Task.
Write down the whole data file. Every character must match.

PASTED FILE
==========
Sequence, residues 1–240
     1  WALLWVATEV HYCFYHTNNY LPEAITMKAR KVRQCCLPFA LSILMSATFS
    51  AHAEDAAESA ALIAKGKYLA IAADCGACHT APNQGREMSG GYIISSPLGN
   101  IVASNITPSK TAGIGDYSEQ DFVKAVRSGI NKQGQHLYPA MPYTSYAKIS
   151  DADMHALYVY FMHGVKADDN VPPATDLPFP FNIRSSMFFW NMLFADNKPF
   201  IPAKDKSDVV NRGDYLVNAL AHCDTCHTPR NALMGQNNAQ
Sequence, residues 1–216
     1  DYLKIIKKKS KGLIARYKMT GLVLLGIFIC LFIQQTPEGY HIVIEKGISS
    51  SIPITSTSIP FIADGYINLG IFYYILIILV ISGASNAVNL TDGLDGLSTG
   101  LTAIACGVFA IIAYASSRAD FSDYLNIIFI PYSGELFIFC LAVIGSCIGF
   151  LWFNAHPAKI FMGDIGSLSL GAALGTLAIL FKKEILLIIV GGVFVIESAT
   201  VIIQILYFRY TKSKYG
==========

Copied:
Sequence, residues 1–240
     1  WALLWVATEV HYCFYHTNNY LPEAITMKAR KVRQCCLPFA LSILMSATFS
    51  AHAEDAAESA ALIAKGKYLA IAADCGACHT APNQGREMSG GYIISSPLGN
   101  IVASNITPSK TAGIGDYSEQ DFVKAVRSGI NKQGQHLYPA MPYTSYAKIS
   151  DADMHALYVY FMHGVKADDN VPPATDLPFP FNIRSSMFFW NMLFADNKPF
   201  IPAKDKSDVV NRGDYLVNAL AHCDTCHTPR NALMGQNNAQ
Sequence, residues 1–216
     1  DYLKIIKKKS KGLIARYKMT GLVLLGIFIC LFIQQTPEGY HIVIEKGISS
    51  SIPITSTSIP FIADGYINLG IFYYILIILV ISGASNAVNL TDGLDGLSTG
   101  LTAIACGVFA IIAYASSRAD FSDYLNIIFI PYSGELFIFC LAVIGSCIGF
   151  LWFNAHPAKI FMGDIGSLSL GAALGTLAIL FKKEILLIIV GGVFVIESAT
   201  VIIQILYFRY TKSKYG